Cancel a Wedding by Letter
Although it’s hoped that this will never happen to you, it may be necessary to call off your wedding. There may be many reasons why you decide to do this but your guests will still need to be informed. This is likely to be a very emotional time for you but writing a letter of this nature does not need to go into the detail of why you’ve decided to cancel. After all, you’re likely to have discussed your reasons with a carefully selected handful of family and friends whom each of you will rely on for support.
Even so, in spite of it being a difficult time for you, it’s important that you let everybody whom you’ve invited know that the wedding is no longer going to take place as some of your guests may have needed to take time off work and/ or, perhaps, they’ve arranged hotel accommodation so you’ll need to apologise for any inconvenience which may have been caused.
When to Write the LetterYou should write this letter as soon as you’ve made a final decision not to go through with the wedding. Although writing a letter of this nature may be difficult to do, you can use the same letter to send out to everybody to whom you’ve sent wedding invitations. The letter doesn’t need to be tailored differently for those who are only attending the evening celebrations and for those who had an official role to play at the wedding – the best man, maid of honour and bridesmaids, for example – you obviously need to speak to them in person once you’ve made the decision to cancel.
How to Write the LetterFirstly, it should be decided which of you is going to take responsibility for writing the letter. One of you may decide to take on the responsibility yourself or you might decide that both of you send out individual letters.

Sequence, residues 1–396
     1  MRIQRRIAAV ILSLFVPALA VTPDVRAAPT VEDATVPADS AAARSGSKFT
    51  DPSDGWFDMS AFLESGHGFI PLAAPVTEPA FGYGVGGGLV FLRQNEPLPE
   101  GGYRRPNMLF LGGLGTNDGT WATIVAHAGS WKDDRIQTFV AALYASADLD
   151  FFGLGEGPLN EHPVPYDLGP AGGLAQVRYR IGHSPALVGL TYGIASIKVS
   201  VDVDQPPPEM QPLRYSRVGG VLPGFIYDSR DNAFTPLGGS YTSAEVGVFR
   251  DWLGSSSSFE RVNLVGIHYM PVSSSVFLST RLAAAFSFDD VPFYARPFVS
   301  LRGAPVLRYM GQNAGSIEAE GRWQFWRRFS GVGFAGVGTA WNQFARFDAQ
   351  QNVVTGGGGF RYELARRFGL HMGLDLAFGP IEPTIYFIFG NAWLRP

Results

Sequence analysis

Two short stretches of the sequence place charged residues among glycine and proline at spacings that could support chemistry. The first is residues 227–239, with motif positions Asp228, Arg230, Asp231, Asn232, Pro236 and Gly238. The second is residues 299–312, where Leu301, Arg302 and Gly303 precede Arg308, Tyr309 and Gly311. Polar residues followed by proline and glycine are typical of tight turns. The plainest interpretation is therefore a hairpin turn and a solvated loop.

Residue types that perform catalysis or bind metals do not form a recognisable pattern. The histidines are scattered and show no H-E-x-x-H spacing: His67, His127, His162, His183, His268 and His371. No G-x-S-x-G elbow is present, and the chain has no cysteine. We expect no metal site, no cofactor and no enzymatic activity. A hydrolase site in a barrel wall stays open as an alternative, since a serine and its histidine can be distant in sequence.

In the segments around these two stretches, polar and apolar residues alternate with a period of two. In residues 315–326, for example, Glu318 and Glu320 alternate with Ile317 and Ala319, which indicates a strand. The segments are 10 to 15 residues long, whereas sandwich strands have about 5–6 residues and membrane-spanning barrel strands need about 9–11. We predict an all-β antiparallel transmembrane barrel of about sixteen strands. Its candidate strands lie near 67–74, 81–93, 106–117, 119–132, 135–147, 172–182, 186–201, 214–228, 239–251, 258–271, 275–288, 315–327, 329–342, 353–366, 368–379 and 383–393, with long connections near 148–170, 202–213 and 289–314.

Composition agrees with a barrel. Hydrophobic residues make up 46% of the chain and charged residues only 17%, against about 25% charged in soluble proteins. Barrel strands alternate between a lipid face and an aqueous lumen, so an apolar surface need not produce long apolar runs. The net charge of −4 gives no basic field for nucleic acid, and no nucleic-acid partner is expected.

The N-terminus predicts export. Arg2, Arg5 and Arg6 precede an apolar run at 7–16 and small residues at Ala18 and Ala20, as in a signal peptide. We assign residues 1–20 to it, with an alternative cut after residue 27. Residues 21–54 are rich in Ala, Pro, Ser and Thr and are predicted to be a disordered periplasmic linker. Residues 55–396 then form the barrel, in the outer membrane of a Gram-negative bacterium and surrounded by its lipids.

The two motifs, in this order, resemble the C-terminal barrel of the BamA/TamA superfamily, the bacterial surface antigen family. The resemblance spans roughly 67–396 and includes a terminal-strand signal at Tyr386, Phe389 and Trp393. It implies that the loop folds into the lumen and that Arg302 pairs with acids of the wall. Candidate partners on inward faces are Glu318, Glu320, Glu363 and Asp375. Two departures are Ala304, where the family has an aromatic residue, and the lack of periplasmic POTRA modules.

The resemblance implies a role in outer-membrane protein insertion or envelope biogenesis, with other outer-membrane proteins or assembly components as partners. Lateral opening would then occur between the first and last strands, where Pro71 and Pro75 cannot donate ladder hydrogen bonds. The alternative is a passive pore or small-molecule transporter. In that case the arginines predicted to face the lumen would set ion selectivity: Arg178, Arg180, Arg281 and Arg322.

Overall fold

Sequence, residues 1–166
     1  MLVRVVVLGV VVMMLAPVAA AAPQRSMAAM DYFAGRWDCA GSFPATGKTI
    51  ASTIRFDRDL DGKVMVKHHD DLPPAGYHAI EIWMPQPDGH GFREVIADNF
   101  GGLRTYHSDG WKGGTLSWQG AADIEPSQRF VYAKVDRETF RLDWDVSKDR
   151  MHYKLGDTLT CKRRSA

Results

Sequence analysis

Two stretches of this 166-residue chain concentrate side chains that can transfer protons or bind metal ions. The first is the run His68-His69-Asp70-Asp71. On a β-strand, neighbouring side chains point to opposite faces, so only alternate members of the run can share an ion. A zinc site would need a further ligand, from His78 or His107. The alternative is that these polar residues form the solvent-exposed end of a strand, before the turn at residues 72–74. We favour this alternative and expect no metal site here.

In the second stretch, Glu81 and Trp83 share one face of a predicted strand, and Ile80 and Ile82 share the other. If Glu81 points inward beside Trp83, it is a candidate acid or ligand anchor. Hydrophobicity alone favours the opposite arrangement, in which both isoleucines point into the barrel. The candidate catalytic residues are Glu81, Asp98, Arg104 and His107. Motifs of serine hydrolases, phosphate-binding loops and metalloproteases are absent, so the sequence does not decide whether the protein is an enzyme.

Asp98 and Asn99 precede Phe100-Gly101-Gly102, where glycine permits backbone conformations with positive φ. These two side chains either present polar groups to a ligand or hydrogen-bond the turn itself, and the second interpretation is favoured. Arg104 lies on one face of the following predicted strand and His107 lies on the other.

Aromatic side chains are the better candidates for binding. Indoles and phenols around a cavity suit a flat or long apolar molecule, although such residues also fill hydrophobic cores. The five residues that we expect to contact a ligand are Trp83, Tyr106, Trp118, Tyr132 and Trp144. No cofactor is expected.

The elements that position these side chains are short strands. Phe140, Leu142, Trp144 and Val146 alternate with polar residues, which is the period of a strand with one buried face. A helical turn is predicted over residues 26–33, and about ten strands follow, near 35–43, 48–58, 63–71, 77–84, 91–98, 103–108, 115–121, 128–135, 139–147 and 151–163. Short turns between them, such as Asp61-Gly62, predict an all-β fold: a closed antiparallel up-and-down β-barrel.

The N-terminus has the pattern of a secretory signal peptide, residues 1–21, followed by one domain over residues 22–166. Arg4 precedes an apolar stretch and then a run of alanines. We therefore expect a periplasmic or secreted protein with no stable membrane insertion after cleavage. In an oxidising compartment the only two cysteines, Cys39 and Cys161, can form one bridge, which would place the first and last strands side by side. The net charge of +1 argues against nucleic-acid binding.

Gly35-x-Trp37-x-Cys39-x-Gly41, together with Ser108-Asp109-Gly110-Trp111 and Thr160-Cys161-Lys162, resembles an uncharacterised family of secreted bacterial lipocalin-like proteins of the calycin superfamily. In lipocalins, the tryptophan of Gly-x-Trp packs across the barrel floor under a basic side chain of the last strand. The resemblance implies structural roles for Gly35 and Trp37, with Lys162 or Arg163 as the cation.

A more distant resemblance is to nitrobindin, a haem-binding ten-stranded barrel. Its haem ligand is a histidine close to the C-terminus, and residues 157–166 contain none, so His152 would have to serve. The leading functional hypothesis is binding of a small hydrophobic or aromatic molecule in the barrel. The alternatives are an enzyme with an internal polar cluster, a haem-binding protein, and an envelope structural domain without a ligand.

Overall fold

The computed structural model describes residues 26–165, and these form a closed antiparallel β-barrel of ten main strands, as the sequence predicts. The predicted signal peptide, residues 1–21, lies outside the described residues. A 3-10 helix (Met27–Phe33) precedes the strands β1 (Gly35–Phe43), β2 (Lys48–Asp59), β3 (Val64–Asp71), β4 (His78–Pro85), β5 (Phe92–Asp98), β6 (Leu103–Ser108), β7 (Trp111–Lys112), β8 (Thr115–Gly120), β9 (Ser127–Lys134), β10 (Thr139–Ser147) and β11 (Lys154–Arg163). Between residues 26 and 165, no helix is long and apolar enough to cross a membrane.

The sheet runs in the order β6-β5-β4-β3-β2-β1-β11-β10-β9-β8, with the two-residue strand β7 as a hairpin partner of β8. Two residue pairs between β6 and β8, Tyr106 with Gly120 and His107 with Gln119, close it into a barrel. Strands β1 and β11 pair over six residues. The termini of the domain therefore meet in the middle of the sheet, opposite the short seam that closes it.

Although it’s not always possible, if you remain amicable with your (soon to be) ex- partner, you could send the letter from both of you. The important thing to remember is to remain civil. This is not the time or place to become acrimonious, despite how you are feeling. The important thing is to put your own thoughts and feelings to one side when it comes to letter writing and to think of your guests and focus more on apologising for any inconvenience the situation has caused.
Here is an example:
Dear Peter and Jean,
We regret to have to inform you that we have decided to cancel our forthcoming wedding which was due to take place on Saturday July 23.
We have both reached this decision amicably and have accepted that this is the right thing to do for personal reasons.
We appreciate that some guests will have already arranged to take time off work and that they may have also made travel and accommodation arrangements. Therefore, we both apologise if this has caused you any inconvenience. We have also received a number of wedding presents in advance and we will be returning these to the appropriate guests over the next couple of weeks.
Once again, we both apologise for any inconvenience this may have caused you.
Kay Marshall and Alan Craven